Viral pictures are showing what we are realizing together: Families of Medical Personnel now face a real, life-threatening danger. While danger is something military and police/firefighter families face with their loved one, large-scale danger like a war is new to medical families. This war was quick, leaving not much time for families to prepare emotionally.
And just like any other war, the families of this new war often have to be separated. So, how will the children of medical personnel understand this war? Will they be alright?
I will leave the parenting and psychological tips to the experts, but here are tips that were practiced when I was growing up a military brat during the Vietnam era. These tips also seemed to work for other military families I have taught and known since 9-11.
- Medical Heroes: Share what you are doing... from the war rooms. Send pictures. Facetime from the Hospital when you can. Generations ago, it was “letters from the front lines.” Families can feel they are supporting you better when they see and hear what it looks like.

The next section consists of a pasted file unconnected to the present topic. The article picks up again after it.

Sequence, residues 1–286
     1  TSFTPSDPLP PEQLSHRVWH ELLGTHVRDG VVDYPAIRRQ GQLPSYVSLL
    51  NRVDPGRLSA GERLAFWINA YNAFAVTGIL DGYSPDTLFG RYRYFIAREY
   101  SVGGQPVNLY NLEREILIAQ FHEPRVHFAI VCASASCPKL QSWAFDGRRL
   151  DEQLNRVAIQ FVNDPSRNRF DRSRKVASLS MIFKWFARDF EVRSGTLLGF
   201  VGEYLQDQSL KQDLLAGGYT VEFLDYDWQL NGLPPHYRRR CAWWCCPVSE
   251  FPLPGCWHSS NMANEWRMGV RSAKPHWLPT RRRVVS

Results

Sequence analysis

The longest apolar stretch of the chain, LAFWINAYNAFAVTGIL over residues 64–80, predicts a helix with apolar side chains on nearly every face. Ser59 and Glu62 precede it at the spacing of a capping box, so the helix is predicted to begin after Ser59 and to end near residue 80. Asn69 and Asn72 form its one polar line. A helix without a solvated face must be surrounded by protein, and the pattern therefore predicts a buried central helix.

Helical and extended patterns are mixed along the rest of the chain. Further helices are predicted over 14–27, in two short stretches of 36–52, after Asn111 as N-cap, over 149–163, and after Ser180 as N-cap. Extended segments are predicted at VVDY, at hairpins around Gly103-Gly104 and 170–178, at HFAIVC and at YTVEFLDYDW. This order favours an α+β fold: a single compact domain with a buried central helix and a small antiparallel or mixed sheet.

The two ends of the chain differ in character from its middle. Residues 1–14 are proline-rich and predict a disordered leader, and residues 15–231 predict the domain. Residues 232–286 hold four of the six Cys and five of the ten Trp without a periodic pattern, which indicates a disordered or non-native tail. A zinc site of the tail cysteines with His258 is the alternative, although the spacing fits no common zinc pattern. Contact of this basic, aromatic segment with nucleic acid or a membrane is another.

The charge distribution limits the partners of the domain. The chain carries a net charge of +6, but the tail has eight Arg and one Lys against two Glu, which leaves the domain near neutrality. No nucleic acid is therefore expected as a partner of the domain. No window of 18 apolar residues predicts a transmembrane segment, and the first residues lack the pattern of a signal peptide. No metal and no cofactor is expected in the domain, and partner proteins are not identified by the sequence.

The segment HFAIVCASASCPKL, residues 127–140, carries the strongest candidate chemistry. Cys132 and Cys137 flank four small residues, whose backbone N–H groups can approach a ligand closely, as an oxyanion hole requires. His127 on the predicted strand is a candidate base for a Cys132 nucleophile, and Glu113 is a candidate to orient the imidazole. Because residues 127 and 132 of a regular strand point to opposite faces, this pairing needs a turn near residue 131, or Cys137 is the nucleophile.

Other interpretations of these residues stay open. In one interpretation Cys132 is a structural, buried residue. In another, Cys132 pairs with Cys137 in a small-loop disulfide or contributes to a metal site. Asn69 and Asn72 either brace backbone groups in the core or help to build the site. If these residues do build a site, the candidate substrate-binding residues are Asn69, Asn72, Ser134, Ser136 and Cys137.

- Someday, a Tour. When this is over and everything is safe, take your family to where you were working. Let them see, touch, and smell. I walked with my father on the Navy Ship where he served, and it was one of the best bucket-list items in my life.
- Answer questions. Family will be naturally curious. I remember asking questions of a Vietnam prisoner of war (who was a friend of our family) when I was only 9 years old.
- Explain the “Separation.” I learned as a kid, as did the military brats I played with, that our family members were separated in order to help and to serve. It was explained to us that separation right now helps a large amount of other people, even if it is a temporary sacrifice for us. It helped to give us a sense of pride.
Hopefully, medical families will be soon united again, and the song will be “I’ll be home for July 4th" instead of “I’ll be Home for Christmas,” like so many wars ago….
Ms. Buc is a Communications professor in Nashville, TN, and has worked aboard a deployed Navy aircraft carrier alongside other personnel separated from their families. She is a Mayo Clinic-certified health care educator and support group leader for patients at Vanderbilt Medical Center.